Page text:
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Tag Archives for " data "

Belgium regulator fights Facebook over user tracking

A court in Belgium has instructed Facebook to put a halt to tracking users without obtaining the proper consents.

The social network has also been told to erase all information it has gathered on individuals who do not have Facebook accounts, after the Brussels Court of First Instance deemed that the company had harvested data illegally.

Source: Belgium regulator fights Facebook over user tracking

Autonomous cars rise privacy questions

When fully autonomous vehicles begin circulating on public roads they will have to be able to detect when people enter or exit a vehicle, who the person is, whether they have left anything behind in the car, and especially if a person has become disabled (because of intoxication or a medical emergency).

And that information will inevitably be shared online, although there may be ways that some people can still preserve their sense of independence in the car.

“In the future, it may be different for people who own their own cars, where there’s more privacy,” said Mr. Wisselmann at BMW, “and for people who use robo taxis, where there will be less.”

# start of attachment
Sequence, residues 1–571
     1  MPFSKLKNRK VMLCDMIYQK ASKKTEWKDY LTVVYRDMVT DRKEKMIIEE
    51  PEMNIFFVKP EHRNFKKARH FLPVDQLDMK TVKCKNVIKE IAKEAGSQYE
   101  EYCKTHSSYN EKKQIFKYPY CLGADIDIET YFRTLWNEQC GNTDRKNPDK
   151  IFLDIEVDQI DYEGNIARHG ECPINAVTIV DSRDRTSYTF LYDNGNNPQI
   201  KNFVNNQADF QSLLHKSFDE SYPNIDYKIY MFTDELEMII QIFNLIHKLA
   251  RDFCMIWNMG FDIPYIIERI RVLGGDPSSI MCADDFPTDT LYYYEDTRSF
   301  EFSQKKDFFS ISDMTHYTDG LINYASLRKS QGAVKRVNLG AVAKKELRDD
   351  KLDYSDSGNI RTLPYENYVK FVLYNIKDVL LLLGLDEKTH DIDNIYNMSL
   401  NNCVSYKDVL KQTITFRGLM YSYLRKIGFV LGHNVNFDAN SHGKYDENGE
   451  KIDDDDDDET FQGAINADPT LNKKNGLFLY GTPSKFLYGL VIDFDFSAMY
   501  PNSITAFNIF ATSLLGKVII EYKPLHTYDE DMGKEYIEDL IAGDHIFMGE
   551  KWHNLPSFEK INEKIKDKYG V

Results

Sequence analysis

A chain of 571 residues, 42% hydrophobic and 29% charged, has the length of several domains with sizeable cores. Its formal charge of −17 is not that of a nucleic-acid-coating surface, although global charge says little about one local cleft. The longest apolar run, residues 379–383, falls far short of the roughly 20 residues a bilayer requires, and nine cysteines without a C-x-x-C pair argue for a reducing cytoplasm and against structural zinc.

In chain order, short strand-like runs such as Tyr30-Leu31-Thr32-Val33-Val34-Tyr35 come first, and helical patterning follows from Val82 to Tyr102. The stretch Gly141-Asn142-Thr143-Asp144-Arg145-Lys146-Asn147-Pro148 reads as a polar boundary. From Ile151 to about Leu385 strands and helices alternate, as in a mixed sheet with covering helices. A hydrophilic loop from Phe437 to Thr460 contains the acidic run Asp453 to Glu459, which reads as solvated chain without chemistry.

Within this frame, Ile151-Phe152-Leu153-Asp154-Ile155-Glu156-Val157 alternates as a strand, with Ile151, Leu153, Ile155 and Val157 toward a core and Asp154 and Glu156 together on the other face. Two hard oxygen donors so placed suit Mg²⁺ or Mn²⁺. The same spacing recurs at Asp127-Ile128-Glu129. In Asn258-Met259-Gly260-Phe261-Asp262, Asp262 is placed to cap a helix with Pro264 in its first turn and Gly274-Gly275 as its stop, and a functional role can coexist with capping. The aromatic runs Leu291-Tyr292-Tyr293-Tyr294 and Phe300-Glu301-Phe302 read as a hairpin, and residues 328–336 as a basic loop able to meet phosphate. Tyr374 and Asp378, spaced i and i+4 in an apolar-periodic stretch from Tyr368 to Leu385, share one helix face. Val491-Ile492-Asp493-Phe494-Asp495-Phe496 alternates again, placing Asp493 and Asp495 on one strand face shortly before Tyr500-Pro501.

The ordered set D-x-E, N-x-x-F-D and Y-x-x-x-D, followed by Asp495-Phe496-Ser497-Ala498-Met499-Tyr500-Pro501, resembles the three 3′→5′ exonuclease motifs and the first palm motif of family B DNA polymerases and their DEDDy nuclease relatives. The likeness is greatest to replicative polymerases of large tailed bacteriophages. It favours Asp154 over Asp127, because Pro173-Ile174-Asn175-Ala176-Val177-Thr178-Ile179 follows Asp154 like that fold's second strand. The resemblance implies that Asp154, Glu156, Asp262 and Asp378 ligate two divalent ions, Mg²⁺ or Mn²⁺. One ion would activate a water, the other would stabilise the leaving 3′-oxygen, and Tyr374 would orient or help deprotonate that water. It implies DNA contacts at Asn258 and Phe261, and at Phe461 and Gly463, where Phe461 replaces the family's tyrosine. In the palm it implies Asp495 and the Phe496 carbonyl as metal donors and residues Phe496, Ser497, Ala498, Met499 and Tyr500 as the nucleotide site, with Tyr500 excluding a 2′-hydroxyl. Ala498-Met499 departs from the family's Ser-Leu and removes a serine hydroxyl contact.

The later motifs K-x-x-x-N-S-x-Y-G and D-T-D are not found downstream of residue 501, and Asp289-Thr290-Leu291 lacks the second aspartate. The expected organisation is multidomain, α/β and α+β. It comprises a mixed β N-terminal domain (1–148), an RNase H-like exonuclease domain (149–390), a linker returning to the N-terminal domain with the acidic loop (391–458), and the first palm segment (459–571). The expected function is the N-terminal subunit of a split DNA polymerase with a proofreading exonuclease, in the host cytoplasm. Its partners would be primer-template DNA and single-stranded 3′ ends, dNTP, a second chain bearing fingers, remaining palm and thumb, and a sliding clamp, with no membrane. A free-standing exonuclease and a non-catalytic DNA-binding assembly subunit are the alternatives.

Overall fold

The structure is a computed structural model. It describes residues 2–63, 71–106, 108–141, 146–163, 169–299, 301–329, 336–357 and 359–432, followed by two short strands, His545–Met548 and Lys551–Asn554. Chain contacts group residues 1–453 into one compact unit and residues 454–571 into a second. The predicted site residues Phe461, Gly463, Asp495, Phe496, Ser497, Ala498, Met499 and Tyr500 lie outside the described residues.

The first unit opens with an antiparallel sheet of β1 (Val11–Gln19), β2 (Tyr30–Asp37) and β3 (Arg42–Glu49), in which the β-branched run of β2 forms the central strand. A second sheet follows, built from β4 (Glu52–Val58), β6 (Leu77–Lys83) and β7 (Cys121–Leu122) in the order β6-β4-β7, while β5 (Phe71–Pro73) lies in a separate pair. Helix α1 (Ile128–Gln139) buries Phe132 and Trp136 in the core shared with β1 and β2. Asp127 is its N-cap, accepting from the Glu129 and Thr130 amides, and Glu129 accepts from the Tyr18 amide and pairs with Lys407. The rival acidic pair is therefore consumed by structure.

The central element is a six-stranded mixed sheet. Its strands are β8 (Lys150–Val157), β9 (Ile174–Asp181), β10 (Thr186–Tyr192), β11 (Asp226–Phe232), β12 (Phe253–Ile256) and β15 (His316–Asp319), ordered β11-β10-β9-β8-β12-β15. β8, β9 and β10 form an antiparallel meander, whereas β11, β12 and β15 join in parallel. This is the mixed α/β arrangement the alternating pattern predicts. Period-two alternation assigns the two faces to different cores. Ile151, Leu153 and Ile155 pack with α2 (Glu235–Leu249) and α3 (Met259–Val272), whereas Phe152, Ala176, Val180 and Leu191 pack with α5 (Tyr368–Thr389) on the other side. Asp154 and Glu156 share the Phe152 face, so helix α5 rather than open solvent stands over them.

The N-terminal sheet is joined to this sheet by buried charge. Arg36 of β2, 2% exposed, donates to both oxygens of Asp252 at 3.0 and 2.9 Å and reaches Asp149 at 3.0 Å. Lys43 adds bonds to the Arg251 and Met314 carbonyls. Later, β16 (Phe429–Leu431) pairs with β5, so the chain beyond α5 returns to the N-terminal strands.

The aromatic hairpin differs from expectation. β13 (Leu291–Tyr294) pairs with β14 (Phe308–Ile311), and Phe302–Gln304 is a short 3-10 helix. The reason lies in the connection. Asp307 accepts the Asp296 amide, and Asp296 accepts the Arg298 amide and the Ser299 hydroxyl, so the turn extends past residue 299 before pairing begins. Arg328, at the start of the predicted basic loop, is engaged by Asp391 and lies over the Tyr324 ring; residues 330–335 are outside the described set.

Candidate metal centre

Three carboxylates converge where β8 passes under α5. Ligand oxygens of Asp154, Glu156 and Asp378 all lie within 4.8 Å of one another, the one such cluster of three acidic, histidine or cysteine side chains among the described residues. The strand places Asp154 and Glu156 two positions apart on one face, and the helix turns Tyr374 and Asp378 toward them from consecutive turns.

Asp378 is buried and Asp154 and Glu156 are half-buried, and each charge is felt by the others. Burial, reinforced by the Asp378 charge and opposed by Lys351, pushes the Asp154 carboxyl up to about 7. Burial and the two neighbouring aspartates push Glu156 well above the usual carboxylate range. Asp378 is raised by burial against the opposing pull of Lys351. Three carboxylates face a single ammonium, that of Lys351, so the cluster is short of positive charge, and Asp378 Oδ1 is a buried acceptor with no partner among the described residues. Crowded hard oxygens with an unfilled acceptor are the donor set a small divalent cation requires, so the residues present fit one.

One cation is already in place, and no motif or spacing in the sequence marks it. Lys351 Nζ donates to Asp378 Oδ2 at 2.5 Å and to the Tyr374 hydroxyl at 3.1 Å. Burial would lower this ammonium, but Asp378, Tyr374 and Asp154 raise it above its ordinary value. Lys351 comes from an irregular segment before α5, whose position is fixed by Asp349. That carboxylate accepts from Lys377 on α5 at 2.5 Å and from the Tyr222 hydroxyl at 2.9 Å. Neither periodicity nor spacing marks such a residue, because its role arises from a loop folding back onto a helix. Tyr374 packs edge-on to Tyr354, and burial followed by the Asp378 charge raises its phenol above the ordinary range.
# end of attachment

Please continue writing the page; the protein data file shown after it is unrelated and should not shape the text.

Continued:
Full article: Eyes on the Road! (Your Car Is Watching) – The New York Times

Facebook to Fight Belgian Ban on Tracking

Facebook is attacking a Belgian court order forcing it to stop tracking local users’ surfing habits, including those of millions who aren’t signed up to the social network.

The U.S. tech giant will come face to face with the Belgian data protection authority in a Brussels appeals court for a two-day hearing starting on Wednesday. The company will challenge the 2018 court order and the threat of a daily fine of 250,000 euros ($281,625) should it fail to comply.

Source: Facebook Attack of Belgian Case on Web Tracking Gets Hearing – Bloomberg

61% of CIOs say employees are maliciously leaking data

A study of the root causes of insider breaches has found that 61% of IT leaders believe that employees have maliciously risked data in the last 12 months.